Some of us, though, do more than stand up for the rights of the weak. We may be guilty of shoving our way down the throats of others, even if our cause has merit. We’re the parents who make the news, caught on the school security camera as we climb over the front counter in the office and throttle the assistant principal. We’re the parents who scream at coaches through the metal fences near the bleachers in order to “encourage” them to give our children more game time.
As severe as this sounds, it happens too often. Parents behaving badly give nightmares to teachers, coaches, doctors, nurses, and other service providers. Those of us who pose for this not-so-pretty picture are bully parents.
On the other hand, perhaps you’ve been faced with injustice and did nothing. You may have stood by while a bully picked on a less-than-popular kid at school. You may have let a friend repeat a lie about a classmate when you knew it wasn’t true. You may have sat quietly in the bleachers when a coach screamed your child into the ground about an error he made.
Has inaction defined you? Do you struggle to stand tall against the giants who tower over you and your child’s life? Those of us who whimper and wilt at the thought of confrontation are victim parents.
I’ve described the extremes here. But we all have a tendency toward one or the other.
Which way do you naturally bend? Trees grow toward the sun, twisting and turning around obstacles as they do. You can tell the trees that usually face a fierce wind; their trunks and branches curl away from it. We either grow in response to something that satisfies us or against something that threatens us. And so do our children.
Some say parents need to pay more attention than ever to the issue of advocacy. Consider the following, adapted from a column I wrote in response to an Associated Press article about a parent who stormed into her daughter’s classroom unannounced.
School Violence Hits an All-time Low
What happens when two mother bears fight over the same cub? Well, one gets jailed and the other ends up in the emergency room. On October 22, 2004 in Macon, Georgia, a teacher was charged with battery and cruelty to children for allegedly beating a parent who tried to retrieve her daughter’s backpack.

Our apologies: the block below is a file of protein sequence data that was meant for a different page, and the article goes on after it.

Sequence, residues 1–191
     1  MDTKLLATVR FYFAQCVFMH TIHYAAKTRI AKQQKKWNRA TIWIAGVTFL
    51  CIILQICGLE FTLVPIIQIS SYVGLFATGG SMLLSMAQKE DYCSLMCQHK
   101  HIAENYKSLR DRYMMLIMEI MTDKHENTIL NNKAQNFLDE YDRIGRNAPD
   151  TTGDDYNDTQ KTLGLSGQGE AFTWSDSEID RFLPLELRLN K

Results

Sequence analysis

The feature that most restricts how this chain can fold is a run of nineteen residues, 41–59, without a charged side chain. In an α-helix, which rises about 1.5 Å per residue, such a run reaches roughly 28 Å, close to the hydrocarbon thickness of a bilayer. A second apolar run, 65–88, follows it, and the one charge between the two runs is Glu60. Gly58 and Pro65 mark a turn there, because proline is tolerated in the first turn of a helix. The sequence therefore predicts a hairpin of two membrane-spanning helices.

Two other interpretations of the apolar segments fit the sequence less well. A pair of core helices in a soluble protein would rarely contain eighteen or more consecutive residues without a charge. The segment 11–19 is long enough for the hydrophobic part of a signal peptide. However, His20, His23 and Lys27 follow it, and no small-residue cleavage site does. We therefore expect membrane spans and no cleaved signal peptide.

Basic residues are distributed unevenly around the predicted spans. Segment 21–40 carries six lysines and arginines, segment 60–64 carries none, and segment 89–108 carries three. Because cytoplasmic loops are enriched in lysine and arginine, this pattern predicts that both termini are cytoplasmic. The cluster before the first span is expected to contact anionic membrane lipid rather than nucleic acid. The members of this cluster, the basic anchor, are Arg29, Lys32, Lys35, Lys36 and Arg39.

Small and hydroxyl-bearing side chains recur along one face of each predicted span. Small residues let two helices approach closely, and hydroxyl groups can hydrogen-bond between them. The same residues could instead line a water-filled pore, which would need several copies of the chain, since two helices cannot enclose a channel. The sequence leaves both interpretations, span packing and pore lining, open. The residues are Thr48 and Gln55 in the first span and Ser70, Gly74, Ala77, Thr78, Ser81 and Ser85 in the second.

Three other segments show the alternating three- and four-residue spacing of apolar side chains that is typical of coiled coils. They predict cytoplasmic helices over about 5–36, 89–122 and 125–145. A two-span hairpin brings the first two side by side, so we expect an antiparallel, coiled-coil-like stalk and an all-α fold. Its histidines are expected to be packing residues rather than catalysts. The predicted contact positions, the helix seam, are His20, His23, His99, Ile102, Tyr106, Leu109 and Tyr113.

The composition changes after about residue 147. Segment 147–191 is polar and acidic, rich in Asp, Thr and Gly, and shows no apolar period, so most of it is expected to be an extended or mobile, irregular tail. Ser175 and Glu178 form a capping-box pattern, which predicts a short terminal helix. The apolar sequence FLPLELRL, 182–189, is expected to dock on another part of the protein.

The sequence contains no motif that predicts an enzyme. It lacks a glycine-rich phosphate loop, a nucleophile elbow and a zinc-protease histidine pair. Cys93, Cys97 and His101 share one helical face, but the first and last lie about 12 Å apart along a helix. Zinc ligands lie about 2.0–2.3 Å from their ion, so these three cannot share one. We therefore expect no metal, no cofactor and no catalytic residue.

Talk about violence in schools!
Both parents and teachers are territorial when it comes to children in school.
“This is my room. These are my kids,” a teacher declares.
“This is my family. These are my kids,” a parent defends.
Both play the role of protector and defender of their own territories—and children get caught in the middle.
There’s a good chance the parent didn’t follow proper procedures and walked into the teacher’s classroom both uninvited and unexpected. There’s an even better chance that there was a history of negative encounters between this parent and teacher. Most likely, both parties had personal issues outside of school that affected their aberrant behavior that day.
The tug-of-war over the student’s backpack was inappropriate at worst and childish at best. When the teacher threw the backpack in the trash, it was perceived as a declaration of war. A struggle ensued, hair was pulled, punches were thrown—and finally the teacher picked up a chair and hit the mom on the back.
All while the children watched.
Parents worry quite a bit about violence in schools. I doubt any of us thought that it was the teachers we had to be afraid of. “Cruelty to children” was one of the charges against that teacher. I commend the court that made that charge. It keeps the focus where it should be—on the children.
Not only should grown-ups know better, but the bottom line is that it is not about us! We’ve already had our turn. This is our children’s one shot at a quality education. Without real parent-teacher partnerships, our kids will get the raw end of the deal. But without mutual respect there will be no partnerships.
We can’t just assume that everyone involved in a child’s life is there for the same purpose. We need to take the time to get to know those adults who sometimes spend more time with our kids than we do. Partnerships don’t just happen. They require time, attention, and the dismantling of fences.
We must do all this and more. Parents need to respect an authority figure’s position and boundaries. Authorities must re-spect a parent’s position and values. Both can talk together kindly, plan together wisely, and support one another regularly.
All while the children watch.
Whether or not the advocacy battle is more intense than ever, it feels that way sometimes.
I’ve certainly felt like a mother bear protecting her cub on more than one occasion—though sometimes I’m not nearly as ferocious as I think I should be. I have this habit of expecting other people to be on their best behavior, but usually I’m disappointed to discover that they’re not.